Oh yes, the early years were lean. We didn’t even get the dryer. We did get a washing machine, but I hung the diapers on the line to dry and in the cold weather took them to the corner washeteria to use their dryers. We have Friday night bridge games, where the couples brought their children and a covered dish to share. We played cards and the kids just played until they fell asleep on the floor. I think that these were some of the best years of our 65 years. Yes, it’s nice to be comfortable now and not have to pinch every penny, but golly we had a lot of fun back in the day. Thanks for reminding me of how we got to where we are now. Money is truly the “Equalizer”
Thank you for reading and responding, and I never cease to be amazed at how similar our backgrounds are. We, too, carried babies and covered dishes to different homes to play bridge with couples, and it was special. So many rites of passage ! Aren’t we blessed ?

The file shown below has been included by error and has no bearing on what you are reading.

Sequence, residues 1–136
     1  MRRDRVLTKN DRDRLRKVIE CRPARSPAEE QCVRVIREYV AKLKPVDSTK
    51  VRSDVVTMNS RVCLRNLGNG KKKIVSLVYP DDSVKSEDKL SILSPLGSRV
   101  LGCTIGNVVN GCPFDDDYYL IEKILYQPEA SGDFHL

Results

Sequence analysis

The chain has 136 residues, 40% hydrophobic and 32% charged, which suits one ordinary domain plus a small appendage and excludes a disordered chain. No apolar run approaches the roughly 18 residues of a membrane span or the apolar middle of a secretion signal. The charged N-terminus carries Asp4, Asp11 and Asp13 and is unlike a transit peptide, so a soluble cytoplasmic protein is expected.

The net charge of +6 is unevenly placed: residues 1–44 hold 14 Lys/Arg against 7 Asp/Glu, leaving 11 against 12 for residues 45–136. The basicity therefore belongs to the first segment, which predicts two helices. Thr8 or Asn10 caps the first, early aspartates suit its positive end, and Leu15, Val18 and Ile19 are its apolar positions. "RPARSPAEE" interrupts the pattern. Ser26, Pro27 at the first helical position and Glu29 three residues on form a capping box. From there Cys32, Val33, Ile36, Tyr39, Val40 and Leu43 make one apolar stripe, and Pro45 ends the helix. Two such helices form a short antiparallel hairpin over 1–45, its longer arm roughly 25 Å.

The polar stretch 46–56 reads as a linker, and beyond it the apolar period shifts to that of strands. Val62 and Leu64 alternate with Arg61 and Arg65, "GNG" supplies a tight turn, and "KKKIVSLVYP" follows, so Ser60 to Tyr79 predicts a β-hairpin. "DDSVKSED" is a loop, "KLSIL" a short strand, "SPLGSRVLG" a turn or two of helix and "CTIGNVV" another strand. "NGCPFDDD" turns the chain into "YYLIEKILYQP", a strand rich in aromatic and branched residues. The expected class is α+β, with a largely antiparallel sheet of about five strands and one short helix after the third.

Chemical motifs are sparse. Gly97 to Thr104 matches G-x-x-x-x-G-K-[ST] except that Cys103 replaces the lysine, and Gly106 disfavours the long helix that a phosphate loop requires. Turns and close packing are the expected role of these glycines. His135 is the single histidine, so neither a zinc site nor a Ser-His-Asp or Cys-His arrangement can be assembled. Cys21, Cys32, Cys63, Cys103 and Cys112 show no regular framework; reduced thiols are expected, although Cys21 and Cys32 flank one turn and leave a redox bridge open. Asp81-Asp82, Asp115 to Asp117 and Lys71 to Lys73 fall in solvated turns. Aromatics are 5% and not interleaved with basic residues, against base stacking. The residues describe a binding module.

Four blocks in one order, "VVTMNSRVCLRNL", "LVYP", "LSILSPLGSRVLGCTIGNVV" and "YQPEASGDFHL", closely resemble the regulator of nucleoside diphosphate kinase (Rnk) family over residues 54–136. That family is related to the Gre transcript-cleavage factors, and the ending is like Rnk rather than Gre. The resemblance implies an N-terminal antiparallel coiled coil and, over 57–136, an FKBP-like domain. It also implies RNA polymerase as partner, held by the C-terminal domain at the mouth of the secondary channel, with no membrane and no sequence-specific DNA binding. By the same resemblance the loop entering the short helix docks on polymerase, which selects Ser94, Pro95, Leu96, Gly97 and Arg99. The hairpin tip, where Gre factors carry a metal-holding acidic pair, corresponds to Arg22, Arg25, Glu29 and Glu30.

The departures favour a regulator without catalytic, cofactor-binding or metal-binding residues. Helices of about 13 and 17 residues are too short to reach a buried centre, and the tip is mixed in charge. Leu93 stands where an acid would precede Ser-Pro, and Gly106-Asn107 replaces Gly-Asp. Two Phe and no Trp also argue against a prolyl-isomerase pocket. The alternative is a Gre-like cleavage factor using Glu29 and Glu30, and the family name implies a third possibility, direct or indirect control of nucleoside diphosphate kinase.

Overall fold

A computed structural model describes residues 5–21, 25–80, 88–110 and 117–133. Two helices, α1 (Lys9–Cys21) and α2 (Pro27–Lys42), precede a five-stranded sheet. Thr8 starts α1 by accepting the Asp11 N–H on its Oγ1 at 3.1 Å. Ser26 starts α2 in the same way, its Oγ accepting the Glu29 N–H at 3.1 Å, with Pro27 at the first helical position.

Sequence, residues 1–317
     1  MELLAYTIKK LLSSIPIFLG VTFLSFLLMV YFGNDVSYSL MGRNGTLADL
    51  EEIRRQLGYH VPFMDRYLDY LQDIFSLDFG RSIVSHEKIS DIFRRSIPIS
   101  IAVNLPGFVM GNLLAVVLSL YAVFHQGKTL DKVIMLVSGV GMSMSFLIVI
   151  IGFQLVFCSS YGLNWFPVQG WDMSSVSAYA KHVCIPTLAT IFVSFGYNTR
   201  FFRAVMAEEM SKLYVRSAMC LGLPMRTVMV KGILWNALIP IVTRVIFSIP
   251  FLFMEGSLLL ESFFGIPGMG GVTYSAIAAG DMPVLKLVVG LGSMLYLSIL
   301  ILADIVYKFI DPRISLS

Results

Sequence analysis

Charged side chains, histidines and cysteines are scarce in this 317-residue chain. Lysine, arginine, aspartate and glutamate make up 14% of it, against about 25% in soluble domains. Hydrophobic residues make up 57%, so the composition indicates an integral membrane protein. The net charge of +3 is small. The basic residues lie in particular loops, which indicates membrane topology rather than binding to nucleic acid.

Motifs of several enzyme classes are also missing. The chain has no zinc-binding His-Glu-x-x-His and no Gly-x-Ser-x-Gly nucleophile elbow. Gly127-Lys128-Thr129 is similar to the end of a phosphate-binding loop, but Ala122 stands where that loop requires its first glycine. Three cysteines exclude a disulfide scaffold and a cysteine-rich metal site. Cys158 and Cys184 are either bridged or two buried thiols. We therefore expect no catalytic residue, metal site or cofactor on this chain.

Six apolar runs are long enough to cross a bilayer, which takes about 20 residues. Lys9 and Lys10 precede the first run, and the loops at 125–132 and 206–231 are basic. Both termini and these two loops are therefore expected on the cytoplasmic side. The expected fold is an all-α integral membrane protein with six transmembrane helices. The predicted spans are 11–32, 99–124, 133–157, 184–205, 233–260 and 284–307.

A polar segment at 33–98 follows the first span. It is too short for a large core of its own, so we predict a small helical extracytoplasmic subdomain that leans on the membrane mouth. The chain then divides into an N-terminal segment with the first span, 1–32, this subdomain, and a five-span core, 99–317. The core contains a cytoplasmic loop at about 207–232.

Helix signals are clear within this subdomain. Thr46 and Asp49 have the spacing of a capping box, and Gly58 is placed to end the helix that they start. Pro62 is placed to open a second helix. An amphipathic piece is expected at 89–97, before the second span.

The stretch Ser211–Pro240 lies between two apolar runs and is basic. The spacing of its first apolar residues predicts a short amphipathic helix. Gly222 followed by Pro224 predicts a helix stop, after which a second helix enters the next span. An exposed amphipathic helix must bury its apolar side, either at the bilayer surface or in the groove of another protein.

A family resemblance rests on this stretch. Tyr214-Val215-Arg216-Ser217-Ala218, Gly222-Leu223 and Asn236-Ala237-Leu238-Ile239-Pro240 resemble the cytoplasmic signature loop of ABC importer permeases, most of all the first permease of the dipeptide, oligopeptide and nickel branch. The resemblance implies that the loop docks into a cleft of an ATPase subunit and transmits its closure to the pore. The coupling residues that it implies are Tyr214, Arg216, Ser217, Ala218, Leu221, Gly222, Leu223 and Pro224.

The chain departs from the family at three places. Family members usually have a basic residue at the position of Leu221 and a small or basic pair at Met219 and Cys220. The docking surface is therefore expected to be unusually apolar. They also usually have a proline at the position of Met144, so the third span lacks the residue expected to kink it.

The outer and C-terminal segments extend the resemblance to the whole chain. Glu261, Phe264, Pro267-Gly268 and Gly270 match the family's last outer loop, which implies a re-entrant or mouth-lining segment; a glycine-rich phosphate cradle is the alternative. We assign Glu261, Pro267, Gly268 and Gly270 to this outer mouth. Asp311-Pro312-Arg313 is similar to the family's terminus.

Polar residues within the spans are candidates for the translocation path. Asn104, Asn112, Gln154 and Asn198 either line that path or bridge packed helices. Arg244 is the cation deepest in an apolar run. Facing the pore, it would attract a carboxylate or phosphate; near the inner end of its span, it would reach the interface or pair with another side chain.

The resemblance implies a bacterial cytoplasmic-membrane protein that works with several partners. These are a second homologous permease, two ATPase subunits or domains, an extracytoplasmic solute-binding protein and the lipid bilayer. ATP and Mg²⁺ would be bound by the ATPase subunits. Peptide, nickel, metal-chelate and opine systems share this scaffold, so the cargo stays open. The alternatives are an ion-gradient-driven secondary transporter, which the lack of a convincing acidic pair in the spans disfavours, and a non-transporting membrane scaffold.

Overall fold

Don’t suppose we could interest Byron and Gus in a game of bridge ?
No doubt but that money does provide the test of the character of many marriages. We all have seen that money shortages have created many arguments between an otherwise happy couple. The test of the marriage’s character is whether the two parties decide that the problem involving money is one that can be managed through an effort of cooperation, or, the pair simply continue to blame one another until they decide to divide and go different ways.
Likewise, most of us have observed the “problem” of a couple having life too easy because of familial wealth and the pair will sometimes have so much time and money that they are not challenged to pull together as a marriage, as defined in the dictionary. So yes, money will always be an active participant in human lives.
Well said. Byron’s and my story is not too different from thousands of other married couple, as you have so succinctly stated. And, all’s well that ends well. Thank you for your interest and perceptive comments.